Re: Weighing Freight Car Models with Liquid Gravity

Daniel A. Mitchell
 

While tungsten is more expensive than lead, and may be harder to work with, it is definitely heavier for any given volume … nearly twice as heavy. I thus disagree with you that "If you have enough space for 1 oz of tungsten or titanium you will almost always have enough room for 1 oz of lead”. Just NOT true. You need only a bit more than half the volume of available space if you use tungsten. That’s often critical when trying to weight a flatcar or other "problem” rolling stock.

And, as for titanium … it’s relatively light and not at all suited as a weight. I mentioned it only as another difficult-to-machine metal. Both titanium and tungsten CAN be machined, but not with the tools usually available in home shops. For most, to use tungsten you need to buy it in a useable form.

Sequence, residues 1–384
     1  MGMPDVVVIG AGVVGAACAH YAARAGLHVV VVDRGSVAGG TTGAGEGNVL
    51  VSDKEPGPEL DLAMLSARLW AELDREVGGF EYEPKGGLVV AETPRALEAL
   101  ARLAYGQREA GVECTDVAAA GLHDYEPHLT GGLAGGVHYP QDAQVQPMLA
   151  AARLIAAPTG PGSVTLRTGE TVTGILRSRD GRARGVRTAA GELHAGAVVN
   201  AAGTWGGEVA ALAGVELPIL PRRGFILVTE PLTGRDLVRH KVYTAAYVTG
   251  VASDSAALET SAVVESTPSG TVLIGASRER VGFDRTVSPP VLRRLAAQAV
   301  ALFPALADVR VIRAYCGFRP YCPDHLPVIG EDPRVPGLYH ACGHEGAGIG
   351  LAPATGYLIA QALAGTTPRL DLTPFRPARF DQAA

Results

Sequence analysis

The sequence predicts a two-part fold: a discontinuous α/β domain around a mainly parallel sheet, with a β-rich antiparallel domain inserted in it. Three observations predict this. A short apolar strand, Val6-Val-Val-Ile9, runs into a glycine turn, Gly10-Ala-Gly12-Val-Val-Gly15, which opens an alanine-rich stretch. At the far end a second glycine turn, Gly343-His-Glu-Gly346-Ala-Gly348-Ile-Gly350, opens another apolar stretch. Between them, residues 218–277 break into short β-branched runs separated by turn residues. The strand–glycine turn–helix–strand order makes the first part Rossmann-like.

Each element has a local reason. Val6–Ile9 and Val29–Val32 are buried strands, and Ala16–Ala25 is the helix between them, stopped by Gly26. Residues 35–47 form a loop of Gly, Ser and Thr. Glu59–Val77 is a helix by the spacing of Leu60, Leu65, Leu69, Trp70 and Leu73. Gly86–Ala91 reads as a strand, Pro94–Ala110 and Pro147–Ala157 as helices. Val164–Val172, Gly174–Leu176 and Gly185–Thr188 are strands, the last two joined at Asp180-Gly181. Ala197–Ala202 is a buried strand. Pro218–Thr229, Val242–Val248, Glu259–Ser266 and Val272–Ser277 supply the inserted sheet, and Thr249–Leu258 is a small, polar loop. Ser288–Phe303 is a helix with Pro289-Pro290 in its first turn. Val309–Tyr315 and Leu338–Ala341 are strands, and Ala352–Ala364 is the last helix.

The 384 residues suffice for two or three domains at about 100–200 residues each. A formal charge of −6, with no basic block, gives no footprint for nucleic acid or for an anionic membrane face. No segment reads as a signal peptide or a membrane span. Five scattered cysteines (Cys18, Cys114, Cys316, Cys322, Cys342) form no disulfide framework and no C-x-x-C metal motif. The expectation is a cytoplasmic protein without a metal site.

Dan Mitchell
========== 

On Oct 29, 2018, at 5:42 PM, Jim Betz <jimbetz@...> wrote:

Dan/all,
  If you have enough space for 1 oz of tungsten or titanium you will almost always
have enough room for 1 oz of lead ... think about it.  How much weight do we -add-
to a freight car?  Two to 3 oz. TOPS.  Usually 1 to 1.5 ounces.
  I'm saying there is always room for enough lead.  There's probably enough
room for enough copper/brass!  I know some guys who use pennies for car
weights in their box cars - they say it is cheaper per oz than anything else.  ;-) 
  And it doesn't really matter what scale you are in - although adding weight
is probably physically harder in N-scale simply due to smaller spaces (but you
are adding less weight).
                                                                                           - Jim B. 

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